# Europium stability in +2 and +3 state

I would like to ask a question about europium's stability in the $+2$ and $+3$ oxidation state.

The electronic configuration of europium in its neutral state is $\ce{[Xe] (4f)^7 (6s)^2}$.

Now, when in the $+2$ oxidation state, the electronic configuration is $\ce{[Xe] (4f)^7}$ and in the $+3$ oxidation state, it is $\ce{[Xe] (4f)^6}$.

Now, I thought the $+2$ oxidation state is more stable because it's a half-filled $\ce{f}$ sub-shell so there is less mutual repulsion between electrons in the same sub-shell.

However, an article from nature.com reads the following:

Europium metal is now known to be highly reactive; the element's most stable oxidation state is +3, but the +2 state also occurs in solid-state compounds and water.

Now, I would like to ask, how is it possible for europium to be most stable in its $+3$ oxidation state, knowing what I have mentioned above?

• We prefer to not use MathJax in the title field due to issues it gives rise to; see here for details. – andselisk Dec 10 '17 at 12:13
• Somewhat related: Lanthanide property exceptions. It's worth noticing that the answers given there also use the same argumentation as you do, which I would also agree with. – andselisk Dec 10 '17 at 12:18

This is going to be a rehash of Oscar Lanzi's answer, but this point needs to be driven home, so I make no apologies.

"Special" electron configurations - fully-filled or half-filled subshells - are only a relatively minor factor in determining the stability of oxidation states. I've written about this before in a slightly different context, but IMO it would be well worth reading this, as the exact same principles operate in this case: Cr(II) and Mn(III) - their oxidizing and reducing properties?

What determines the "most stable oxidation state"? We can consider what happens when we increase the oxidation state of a metal: firstly, we need to pay ionisation energies to remove electrons from the metal. On the other hand, though, metal ions in higher oxidation states can form stronger bonds (e.g. lattice energy in ionic compounds, solvation energy in solution, or more covalent bonds in molecular compounds). The balance between these two factors therefore leads to a "best" oxidation state.

For example, sodium could hypothetically go up to Na(II) and form $\ce{NaCl2}$. Theoretically, this compound would have a significantly larger lattice energy than $\ce{NaCl}$. However, sodium's second ionisation energy is prohibitively large, which means that it stays put in the +1 oxidation state. On the other hand, magnesium's second ionisation energy is not prohibitively large, and therefore Mg preferentially forms $\ce{MgCl2}$ over $\ce{MgCl}$.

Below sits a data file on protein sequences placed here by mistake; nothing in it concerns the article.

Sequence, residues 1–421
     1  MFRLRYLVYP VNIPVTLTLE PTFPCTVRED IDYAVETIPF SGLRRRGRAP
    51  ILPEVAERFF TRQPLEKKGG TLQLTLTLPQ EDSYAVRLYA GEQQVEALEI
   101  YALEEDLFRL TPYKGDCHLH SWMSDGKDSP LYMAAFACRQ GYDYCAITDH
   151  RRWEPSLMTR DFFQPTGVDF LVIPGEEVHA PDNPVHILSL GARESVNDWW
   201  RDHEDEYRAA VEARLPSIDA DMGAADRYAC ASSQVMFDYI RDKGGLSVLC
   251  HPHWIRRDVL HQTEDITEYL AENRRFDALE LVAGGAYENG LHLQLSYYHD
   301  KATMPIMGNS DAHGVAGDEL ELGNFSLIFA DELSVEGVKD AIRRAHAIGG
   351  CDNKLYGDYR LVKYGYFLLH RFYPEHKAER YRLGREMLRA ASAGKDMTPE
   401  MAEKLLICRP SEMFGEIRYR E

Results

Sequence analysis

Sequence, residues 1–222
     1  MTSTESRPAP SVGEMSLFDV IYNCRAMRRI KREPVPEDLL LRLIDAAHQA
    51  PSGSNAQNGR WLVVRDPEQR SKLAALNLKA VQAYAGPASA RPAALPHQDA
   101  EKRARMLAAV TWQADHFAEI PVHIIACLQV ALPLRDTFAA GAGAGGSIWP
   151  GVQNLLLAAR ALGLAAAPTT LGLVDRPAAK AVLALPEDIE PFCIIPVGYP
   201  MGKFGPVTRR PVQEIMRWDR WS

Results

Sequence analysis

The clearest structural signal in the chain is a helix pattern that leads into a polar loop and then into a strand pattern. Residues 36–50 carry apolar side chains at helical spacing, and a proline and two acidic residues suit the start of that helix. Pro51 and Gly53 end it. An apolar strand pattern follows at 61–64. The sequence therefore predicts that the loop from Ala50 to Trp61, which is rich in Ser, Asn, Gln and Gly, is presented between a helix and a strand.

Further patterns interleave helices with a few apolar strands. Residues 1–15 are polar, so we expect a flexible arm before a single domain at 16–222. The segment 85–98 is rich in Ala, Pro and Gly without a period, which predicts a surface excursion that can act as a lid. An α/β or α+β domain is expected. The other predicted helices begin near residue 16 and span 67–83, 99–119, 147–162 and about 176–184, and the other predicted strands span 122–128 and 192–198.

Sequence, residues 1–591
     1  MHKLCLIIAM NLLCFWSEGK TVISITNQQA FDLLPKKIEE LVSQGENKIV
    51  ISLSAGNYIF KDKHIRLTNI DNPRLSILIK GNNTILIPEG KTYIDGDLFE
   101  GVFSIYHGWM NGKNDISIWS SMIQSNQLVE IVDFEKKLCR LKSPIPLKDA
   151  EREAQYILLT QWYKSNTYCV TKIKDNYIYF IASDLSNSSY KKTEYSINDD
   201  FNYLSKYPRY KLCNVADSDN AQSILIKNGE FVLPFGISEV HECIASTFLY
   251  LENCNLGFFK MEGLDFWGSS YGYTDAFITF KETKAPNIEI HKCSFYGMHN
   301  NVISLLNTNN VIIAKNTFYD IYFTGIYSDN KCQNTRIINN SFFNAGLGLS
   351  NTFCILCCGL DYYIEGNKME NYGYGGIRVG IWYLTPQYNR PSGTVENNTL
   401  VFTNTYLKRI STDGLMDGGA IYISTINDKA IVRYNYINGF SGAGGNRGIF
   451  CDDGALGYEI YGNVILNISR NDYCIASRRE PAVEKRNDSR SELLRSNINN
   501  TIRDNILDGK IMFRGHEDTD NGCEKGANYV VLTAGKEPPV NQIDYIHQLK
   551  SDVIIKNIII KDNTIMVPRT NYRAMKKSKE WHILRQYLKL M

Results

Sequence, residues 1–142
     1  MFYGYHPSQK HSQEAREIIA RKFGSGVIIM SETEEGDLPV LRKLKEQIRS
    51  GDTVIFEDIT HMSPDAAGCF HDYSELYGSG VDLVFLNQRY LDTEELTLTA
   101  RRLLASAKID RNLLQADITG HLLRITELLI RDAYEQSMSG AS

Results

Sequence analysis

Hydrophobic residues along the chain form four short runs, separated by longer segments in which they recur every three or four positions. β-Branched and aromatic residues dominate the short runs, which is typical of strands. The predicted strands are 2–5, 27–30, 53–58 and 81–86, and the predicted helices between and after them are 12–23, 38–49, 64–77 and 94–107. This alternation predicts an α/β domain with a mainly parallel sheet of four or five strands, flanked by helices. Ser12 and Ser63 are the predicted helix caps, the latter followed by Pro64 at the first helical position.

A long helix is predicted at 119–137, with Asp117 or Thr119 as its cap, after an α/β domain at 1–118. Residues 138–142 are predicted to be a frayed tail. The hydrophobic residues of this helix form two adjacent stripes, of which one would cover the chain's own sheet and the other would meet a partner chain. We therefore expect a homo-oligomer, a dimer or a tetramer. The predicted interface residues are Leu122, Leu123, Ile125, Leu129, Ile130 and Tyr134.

For all lanthanides, the first three ionisation energies are all fairly comparable. There is a graph here which shows the variation in the ionisation energies of the lanthanides, which I reproduce below.

(source: Inorganic Chemistry 6ed, Weller et al., p 630)

For all lanthanides, these three ionisation energies are easily compensated for by the extra lattice energy / solvation energy derived from a more highly charged ion. The fact that Eu(II) has a $\mathrm{f^7}$ configuration only serves to make its third IE marginally larger than that of Gd. This difference is sufficient to make Eu(II) an accessible oxidation state (cf. different electronic behaviour of EuO and GdO), but not sufficient to make it the most stable oxidation state.

Note that "most stable oxidation state" depends on the conditions, too, but I assume we are talking about aqueous solution.

Electron configuration is not the be-all and end-all of stability. It's just one term in the energy balance. Other factors like the electron affinity of the anion former (think of oxygen or fluorine versus sulfur or iodine), lattice or solvation energies, etc may override the electron configuration term; if so, then you find your europium in the +3 oxidation state after all.

• That first sentence needs to be bolded in all caps. If there ever was a time to use obnoxious formatting for emphasis, this is it... – orthocresol Dec 10 '17 at 12:48

One reason is that in the f orbital, the +2 oxidation state makes it that one pair of electron in the orbital is not filled, and will at least try to fill it. And the +3 orbitals filled those pairs, even though it didn't fill the whole orbital. Of course filling the whole orbital (like noble gases) will be great but it is easier for the metals to fill up it's pair.